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Cognitive Aging Is Not Dementia – Tips for Keeping Senior Brains Sharp

Cognitive Aging Is Not Dementia – Tips for Keeping Senior Brains Sharp

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We all want our minds to stay sharp as we age, including our senior loved ones.

AARP, in a 2012 survey, found that 87% feel that keeping their minds sharp was a primary concern.

We hear about what to do, what to eat, and how to change our lifestyle to increase the likelihood that our brains will be sharp as the years go by.

Almost all of us have had our lives touched by Alzheimer’s disease or other forms of dementia and know too well how memory loss can impact our lives.

We all are forgetful at times but does that mean we are losing our cognition or brain function?

Cognition is a term that encompasses many functions of our mind, including memory, decision making abilities, problem solving, understanding, learning and attention. How intact our cognition remains as we age is important to our senior’s independence and quality of life since it affects the ability to complete our daily tasks essential to living.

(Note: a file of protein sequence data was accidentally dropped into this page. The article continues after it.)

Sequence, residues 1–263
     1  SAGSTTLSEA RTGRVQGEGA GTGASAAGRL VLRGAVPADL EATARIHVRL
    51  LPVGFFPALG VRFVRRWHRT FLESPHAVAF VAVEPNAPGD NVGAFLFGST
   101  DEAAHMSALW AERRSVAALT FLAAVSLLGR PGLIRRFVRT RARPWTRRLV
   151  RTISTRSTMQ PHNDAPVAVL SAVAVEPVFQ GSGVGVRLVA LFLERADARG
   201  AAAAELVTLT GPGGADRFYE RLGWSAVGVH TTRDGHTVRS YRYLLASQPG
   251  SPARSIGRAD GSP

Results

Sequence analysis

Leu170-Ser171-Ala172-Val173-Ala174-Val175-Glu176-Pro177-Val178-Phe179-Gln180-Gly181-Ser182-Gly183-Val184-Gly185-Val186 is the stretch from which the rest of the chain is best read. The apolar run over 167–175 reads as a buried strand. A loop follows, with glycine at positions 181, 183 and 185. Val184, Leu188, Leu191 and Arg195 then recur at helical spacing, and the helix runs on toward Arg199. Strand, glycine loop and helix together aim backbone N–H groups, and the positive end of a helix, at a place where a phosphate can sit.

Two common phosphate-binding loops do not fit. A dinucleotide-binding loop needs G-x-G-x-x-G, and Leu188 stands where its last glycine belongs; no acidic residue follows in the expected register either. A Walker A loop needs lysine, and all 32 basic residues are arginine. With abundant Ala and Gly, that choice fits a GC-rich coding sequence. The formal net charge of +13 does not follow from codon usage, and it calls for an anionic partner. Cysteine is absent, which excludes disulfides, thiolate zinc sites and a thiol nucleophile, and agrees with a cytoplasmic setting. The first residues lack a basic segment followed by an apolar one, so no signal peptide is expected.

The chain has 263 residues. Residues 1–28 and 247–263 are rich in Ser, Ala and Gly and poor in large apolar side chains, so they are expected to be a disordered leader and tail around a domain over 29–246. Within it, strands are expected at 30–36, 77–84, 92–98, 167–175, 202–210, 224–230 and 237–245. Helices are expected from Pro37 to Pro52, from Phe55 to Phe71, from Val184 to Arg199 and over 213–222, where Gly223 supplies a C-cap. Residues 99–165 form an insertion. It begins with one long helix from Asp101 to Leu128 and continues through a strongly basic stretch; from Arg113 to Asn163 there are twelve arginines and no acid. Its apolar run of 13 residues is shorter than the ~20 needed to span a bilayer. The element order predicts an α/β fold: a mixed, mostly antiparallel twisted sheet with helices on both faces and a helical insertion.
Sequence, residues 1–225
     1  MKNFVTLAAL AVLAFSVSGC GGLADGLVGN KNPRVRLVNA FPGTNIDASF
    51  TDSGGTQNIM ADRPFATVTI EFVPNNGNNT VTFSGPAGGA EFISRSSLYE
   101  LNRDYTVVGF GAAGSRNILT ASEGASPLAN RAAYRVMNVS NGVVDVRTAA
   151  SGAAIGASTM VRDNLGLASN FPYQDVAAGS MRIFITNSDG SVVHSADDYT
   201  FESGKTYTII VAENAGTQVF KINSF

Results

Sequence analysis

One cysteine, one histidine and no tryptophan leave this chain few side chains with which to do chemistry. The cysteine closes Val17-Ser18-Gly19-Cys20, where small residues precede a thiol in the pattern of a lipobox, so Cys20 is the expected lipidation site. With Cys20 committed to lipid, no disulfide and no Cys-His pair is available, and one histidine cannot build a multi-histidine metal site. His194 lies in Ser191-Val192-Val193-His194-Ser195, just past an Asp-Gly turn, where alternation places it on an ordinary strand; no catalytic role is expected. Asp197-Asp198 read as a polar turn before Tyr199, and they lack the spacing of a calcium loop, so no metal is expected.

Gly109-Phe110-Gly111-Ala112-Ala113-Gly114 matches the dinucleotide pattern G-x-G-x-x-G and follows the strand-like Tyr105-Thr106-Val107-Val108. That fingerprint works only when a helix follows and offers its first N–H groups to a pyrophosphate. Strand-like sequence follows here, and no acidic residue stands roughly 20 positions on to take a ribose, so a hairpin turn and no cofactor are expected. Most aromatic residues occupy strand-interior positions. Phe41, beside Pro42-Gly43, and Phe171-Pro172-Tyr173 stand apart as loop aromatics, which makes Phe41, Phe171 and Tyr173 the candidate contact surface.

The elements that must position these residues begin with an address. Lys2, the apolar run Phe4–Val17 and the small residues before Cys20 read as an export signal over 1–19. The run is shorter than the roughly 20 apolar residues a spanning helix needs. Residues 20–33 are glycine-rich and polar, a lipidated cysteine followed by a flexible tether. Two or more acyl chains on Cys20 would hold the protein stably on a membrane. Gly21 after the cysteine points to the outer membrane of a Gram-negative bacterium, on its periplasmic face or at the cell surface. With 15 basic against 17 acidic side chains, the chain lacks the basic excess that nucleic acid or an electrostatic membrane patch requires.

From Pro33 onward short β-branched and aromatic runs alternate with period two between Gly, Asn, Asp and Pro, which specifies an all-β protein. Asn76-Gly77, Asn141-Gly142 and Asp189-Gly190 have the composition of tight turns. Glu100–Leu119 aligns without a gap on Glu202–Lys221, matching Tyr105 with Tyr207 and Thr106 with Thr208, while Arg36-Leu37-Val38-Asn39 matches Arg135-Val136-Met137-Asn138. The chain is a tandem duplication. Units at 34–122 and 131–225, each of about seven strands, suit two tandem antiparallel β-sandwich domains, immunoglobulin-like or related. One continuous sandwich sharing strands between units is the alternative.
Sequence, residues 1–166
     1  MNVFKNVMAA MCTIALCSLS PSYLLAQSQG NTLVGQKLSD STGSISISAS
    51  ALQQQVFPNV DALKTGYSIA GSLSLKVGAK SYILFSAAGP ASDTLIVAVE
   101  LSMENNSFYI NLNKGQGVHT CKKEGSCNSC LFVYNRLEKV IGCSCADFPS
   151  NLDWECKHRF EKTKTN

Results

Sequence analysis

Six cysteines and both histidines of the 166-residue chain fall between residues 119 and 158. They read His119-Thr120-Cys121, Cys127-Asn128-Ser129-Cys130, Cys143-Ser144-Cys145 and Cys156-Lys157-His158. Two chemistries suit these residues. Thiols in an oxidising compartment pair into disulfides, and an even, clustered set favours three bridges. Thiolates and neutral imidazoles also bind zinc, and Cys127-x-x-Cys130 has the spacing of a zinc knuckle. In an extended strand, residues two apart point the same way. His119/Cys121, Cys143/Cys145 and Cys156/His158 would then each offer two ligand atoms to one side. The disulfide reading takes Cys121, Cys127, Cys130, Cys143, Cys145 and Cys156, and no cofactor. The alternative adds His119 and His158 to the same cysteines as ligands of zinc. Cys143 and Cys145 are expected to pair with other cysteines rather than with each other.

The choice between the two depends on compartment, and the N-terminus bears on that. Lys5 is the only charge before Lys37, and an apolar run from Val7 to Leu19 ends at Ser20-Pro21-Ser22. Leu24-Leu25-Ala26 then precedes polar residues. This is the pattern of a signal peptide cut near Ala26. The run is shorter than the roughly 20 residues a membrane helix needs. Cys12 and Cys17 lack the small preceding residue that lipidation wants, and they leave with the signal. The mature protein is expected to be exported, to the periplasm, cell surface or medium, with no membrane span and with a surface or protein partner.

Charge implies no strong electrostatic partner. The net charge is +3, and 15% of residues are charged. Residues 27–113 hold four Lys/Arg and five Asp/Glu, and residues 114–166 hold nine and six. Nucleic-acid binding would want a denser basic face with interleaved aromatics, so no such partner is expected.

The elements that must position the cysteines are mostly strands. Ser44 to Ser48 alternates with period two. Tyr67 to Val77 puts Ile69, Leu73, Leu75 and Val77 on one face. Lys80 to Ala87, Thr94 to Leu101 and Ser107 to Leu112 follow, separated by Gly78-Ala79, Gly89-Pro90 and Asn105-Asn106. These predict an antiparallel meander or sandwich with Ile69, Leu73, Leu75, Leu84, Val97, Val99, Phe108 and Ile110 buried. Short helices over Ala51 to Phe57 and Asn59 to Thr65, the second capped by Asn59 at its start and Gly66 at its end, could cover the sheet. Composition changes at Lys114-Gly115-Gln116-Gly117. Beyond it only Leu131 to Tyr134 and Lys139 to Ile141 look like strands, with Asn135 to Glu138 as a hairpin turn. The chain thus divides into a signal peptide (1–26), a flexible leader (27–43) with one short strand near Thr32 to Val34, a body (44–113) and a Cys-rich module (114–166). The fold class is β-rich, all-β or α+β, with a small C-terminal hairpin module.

Does losing some cognition as we age mean we have dementia or is it a natural part of aging?

Cognitive Aging

The Institute of Medicine (IOM) has been studying our aging brains to determine what effects getting older has on our brain function. What is normal and what is cause for concern?

Cognitive aging is a lifelong process not something that happens in one year or after a particular event or trauma. It is not a disease but a part of life!

The IOM defines cognitive aging as an ongoing process of change that is highly variable and occurs as we age. Some people maintain their cognitive health more than others.

Cognitive aging involves changes in the structure of the brain although we don’t know exactly what changes are occurring. Investigation continues into the biological reasons that function declines.

Influencers of Cognitive Aging

Over our lifetimes there are many factors that affect our health including our brain health. Some of the changes are in our control and others are out of our control.

  1. Genetics
  2. Education
  3. Physical activity
  4. Medical condition – chronic diseases, hospitalizations
  5. Diet
  6. Development beginning in utero and throughout our childhood
  7. Environment – air pollution and exposures
  8. Socioeconomic status
  9. Attitude
  10. Emotional factors
  11. Life experiences – smoking, alcohol, substance abuse
  12. Stress
  13. Social isolation
  14. Medications – prescription and over the counter

Because cognitive aging occurs throughout the lifespan, it is important for all of us starting at a young age remaining through our elder years to take actions to lessen the effect of those factors that are in our control.

Actionable Recommendations to Improve Cognitive Aging